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Supporting STEM Education in Northern New Mexico

  • BSMA
  • Coordination of Efforts Between Restart, Experimentation and Modeling for the Transient Test Reactor

Coordination of Efforts Between Restart, Experimentation and Modeling for the Transient Test Reactor

  • 21 Oct 2016
  • 6:00 PM - 9:00 PM (CST)
  • Courtyard by Marriott in Santa Fe

Speaker:  Mark DeHart, Deputy Director for Reactor Physics Modeling and Simulation, Nuclear Science and Technology Directorate at INL

Abstract:  The Transient Reactor Test Facility (TREAT) is an air-cooled, graphite moderated, thermal spectrum test nuclear reactor at Idaho National Laboratory (INL) designed to test reactor fuels and structural materials.

Constructed in 1958, and operated from 1959 until 1994, TREAT was built to conduct transient reactor tests where the test material is subjected to neutron pulses that can simulate conditions ranging from mild transients to reactor accidents. The US Department of Energy (DOE) has decided to resume a program of transient testing, and is investing about $75 million to restart the TREAT facility by 2018. The renewed interest in TREAT was sparked by the 2011 Fukushima Daiichi nuclear disaster, which prompted the shutdown of Japan's and Germany's nuclear plants. The first transient experiments to be performed at TREAT will be for new accident tolerant fuel designs for nuclear reactors.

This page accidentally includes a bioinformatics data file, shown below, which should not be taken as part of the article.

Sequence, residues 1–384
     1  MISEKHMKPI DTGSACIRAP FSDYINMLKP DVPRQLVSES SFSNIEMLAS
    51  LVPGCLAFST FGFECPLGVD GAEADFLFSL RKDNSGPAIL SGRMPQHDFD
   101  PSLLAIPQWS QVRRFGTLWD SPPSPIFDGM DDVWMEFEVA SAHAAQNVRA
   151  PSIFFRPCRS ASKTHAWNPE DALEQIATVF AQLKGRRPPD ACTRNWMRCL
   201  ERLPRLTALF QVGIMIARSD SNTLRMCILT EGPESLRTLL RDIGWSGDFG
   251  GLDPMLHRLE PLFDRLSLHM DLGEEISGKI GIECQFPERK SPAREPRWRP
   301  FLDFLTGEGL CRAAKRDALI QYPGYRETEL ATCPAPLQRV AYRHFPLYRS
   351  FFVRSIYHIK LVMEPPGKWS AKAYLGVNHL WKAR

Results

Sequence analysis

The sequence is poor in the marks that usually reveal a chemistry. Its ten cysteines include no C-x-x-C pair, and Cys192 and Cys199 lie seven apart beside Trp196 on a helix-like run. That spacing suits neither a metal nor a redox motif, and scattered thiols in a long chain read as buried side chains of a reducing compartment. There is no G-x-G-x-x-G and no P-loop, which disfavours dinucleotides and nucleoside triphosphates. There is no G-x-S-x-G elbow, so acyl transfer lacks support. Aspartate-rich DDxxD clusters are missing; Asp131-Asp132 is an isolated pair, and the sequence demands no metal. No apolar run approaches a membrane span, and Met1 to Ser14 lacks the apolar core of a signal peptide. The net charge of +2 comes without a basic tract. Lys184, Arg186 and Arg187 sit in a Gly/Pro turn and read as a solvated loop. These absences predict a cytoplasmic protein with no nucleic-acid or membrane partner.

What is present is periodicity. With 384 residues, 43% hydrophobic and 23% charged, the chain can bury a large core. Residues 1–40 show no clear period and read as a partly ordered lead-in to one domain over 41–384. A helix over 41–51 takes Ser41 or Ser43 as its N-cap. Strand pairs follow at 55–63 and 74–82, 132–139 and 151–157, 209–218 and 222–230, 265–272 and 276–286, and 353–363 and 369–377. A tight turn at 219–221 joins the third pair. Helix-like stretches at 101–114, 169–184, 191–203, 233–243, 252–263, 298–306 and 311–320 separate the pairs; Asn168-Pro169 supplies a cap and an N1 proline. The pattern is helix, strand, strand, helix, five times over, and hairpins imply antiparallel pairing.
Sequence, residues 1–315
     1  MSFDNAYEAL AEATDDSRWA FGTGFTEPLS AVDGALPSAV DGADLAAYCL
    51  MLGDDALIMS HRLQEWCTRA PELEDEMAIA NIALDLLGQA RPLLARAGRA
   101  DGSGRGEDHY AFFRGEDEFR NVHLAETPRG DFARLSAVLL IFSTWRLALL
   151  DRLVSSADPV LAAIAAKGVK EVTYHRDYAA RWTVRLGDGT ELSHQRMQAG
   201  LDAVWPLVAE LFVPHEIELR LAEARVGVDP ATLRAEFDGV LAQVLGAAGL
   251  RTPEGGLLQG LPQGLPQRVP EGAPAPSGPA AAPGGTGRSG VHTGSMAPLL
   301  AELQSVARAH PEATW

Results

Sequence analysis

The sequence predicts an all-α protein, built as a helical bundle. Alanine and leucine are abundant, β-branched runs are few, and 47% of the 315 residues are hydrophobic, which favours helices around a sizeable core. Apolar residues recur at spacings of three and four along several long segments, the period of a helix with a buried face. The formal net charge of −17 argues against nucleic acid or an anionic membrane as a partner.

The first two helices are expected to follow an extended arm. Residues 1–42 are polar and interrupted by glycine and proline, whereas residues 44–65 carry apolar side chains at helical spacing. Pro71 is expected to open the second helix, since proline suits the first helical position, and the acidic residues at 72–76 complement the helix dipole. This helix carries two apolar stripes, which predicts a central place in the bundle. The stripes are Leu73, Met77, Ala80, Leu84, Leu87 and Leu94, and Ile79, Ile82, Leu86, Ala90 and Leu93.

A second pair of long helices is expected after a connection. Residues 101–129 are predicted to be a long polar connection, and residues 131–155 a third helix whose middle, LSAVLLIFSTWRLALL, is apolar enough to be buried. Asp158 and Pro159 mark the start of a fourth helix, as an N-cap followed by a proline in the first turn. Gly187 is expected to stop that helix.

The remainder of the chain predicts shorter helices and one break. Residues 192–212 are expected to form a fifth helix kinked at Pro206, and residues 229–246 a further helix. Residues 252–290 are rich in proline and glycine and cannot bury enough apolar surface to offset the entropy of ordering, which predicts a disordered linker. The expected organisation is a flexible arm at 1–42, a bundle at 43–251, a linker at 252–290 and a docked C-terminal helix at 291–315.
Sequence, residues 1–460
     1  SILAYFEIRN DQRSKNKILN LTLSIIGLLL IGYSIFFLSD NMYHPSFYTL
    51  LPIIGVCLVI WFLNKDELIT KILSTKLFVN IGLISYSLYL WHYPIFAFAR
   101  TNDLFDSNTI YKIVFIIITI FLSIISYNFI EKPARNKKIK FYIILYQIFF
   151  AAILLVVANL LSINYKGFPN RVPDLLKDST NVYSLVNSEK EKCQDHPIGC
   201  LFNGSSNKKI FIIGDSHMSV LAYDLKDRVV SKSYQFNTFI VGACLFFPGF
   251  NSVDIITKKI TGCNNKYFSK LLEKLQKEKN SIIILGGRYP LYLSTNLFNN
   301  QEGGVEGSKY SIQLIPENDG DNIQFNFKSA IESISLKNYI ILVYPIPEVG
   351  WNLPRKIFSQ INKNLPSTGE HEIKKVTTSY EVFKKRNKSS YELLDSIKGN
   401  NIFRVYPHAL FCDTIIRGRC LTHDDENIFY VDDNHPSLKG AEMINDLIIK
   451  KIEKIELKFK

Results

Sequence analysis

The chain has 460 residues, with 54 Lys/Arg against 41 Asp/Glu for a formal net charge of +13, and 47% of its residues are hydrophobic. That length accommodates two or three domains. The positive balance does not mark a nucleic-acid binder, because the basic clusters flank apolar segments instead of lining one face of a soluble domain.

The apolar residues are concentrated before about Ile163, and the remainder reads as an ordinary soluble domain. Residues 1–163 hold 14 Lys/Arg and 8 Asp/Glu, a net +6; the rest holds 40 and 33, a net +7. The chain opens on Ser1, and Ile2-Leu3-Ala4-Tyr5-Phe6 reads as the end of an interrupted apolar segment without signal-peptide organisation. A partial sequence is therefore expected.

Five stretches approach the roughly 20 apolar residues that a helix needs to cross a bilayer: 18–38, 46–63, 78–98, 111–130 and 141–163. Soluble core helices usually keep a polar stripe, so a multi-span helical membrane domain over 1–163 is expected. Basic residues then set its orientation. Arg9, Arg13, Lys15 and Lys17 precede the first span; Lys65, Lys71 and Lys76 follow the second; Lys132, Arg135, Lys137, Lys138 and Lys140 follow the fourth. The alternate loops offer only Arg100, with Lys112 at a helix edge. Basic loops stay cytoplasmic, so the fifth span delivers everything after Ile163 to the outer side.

The current schedule has initial critical testing beginning in December 2017, with startup physics experiments commencing in January 2018. These tests will include both low-power and high-power steady state and transient runs, with the goal of providing full core data that can be used for computer code validation. The first new experiment vessel design will also undergo in-core testing in early 2018 to ensure it meets performance requirements. Physics testing is expected to run through May of that year.

INL is also involved in the development of multi-physics three-dimensional transient modeling capabilities, using the MAMMOTH multi-physics reactor analysis application. MAMMOTH simulation capabilities are currently being evaluated based on historical experiments completed 20-50 years ago. MAMMOTH is also being used to assist in the design of the experiment vessel mentioned earlier.

Operations, experiment design, and modeling and simulation efforts will thus converge in early 2017—less than 18 months away (yikes!). This talk will give an overview of the various activities and discuss how they will complement each other in returning TREAT to a new era of transient testing.

6 p.m. -  social hour w/ cash bar
7 p.m. -  dinner
7:45 p.m. -  speakers' talks will begin

Register for the dinner by Oct. 17. You can register at http://local.ans.org/trinity/calendar.html for the dinner via PayPal or credit card and selecting the appropriate payment button. When registering online, enter your name, affiliation (ANS, HPS, etc.) and any dietary restrictions you may have in the special instructions/comment field before you finalize payment. The cost for this meeting is $35 per person paid in advance, $40 per person at the door, and $15 for students and children.

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The Bradbury Science Museum Association supports and inspires learners of all ages in Northern New Mexico and beyond through STEM Education.

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